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Canada Bans Islamic Burqas & Niqabs During Citizenship Oaths

"We want women to be full and equal members of Canadian society."

MONTREAL (The Blaze/AP) -- Canada's immigration minister says new Canadians will have to remove any face-coverings, such as the Islamic niqab or burqa, while they take the oath of citizenship. The controversial ban on these religious garments will begin immediately.

Immigration Minister Jason Kenney said Monday he's received complaints from lawmakers and citizenship judges who say it's difficult to ensure that individuals whose faces are covered are actually reciting the oath.

Kenney says it's also a question of values. He says new Canadians should be taking the oath in view of their fellow citizens. According to CBC News, he said that such a pledge is a "public declaration that you are joining the Canadian family and it must be taken freely and openly." He went on to call it "bizarre" that women were previously  allowed to take oaths with face veils. CBC has more:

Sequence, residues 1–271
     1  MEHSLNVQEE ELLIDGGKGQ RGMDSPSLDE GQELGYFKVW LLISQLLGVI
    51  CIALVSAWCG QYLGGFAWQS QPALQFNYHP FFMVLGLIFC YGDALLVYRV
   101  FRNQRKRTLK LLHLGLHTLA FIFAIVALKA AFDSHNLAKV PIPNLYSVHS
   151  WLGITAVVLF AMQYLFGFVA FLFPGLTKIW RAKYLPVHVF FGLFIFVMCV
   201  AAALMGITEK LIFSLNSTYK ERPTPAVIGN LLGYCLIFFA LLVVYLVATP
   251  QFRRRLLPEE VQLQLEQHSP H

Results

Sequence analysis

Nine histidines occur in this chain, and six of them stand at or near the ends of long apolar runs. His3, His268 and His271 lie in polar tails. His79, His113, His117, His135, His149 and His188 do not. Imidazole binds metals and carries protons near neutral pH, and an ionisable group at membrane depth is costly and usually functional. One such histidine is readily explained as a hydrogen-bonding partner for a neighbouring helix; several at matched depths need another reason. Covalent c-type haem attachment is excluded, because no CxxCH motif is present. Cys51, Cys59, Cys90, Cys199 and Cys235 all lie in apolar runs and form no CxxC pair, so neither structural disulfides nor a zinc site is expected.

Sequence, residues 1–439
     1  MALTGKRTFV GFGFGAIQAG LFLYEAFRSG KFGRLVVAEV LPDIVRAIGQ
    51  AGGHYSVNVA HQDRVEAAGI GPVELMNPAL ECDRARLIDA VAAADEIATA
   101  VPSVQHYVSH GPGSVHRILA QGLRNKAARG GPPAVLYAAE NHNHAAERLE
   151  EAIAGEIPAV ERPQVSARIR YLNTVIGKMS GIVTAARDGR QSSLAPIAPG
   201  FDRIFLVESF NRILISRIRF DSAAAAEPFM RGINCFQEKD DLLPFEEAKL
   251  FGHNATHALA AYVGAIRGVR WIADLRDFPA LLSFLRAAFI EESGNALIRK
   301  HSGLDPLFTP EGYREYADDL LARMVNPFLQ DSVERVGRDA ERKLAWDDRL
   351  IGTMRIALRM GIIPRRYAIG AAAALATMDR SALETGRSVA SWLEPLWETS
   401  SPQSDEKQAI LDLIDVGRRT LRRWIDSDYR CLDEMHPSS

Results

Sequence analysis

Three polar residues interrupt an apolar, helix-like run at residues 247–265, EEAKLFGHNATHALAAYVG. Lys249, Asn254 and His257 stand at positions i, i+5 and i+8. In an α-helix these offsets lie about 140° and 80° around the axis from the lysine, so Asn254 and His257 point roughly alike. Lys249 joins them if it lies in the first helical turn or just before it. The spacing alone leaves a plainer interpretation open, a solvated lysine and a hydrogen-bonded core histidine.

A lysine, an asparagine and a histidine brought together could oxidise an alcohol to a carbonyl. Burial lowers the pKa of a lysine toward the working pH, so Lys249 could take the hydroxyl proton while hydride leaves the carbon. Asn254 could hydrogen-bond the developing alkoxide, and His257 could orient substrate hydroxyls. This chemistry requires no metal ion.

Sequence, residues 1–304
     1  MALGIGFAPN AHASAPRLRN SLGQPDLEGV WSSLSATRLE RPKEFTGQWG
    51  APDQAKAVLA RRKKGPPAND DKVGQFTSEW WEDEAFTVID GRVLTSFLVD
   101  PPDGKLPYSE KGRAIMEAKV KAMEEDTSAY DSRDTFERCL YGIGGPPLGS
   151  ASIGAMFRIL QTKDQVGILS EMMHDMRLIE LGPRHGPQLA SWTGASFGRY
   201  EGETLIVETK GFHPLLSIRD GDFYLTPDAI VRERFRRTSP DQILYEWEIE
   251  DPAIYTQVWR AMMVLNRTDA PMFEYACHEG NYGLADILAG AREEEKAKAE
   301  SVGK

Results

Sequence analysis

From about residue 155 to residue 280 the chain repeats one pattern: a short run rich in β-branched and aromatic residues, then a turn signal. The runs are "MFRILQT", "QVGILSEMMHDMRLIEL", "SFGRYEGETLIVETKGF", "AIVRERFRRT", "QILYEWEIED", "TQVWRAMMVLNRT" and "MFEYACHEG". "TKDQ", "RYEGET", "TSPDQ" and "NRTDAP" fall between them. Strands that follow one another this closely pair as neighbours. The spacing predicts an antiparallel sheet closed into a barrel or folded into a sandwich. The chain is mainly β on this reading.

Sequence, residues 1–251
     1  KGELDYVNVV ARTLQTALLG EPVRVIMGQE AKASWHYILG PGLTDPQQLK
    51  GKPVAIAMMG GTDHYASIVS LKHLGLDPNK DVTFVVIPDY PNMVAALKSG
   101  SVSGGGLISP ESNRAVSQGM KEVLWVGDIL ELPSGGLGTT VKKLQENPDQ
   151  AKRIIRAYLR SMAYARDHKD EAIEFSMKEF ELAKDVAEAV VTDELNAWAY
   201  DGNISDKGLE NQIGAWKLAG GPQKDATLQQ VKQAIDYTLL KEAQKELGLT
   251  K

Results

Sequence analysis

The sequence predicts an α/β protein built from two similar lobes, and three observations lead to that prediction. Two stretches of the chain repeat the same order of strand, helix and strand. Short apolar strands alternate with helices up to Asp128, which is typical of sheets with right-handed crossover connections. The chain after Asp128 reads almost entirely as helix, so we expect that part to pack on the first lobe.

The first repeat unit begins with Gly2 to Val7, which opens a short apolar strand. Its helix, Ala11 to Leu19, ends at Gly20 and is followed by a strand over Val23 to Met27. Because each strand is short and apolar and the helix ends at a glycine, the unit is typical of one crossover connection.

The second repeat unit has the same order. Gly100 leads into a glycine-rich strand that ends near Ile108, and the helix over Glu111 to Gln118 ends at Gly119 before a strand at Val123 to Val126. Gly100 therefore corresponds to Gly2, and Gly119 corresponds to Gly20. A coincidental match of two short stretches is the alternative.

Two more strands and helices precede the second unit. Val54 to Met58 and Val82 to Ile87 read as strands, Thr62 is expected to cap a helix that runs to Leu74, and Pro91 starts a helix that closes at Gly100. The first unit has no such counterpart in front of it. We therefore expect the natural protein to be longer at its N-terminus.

Kenney said he doesn't accept that it's a religious obligation to wear the veil, explaining that when Muslim women perform the hajj, the pilgrimage to Mecca required by their faith, they are required not to cover their faces.

"It's a cultural tradition, which I think reflects a certain view about women that we don't accept in Canada. We want women to be full and equal members of Canadian society and certainly when they're taking the citizenship oath, that's the right place to start," Kenney said in an interview on CBC News Network.

The location of the announcement was not without symbolism. The French-speaking province of Quebec has had debates over how much should Canada bend to accommodate newcomers.


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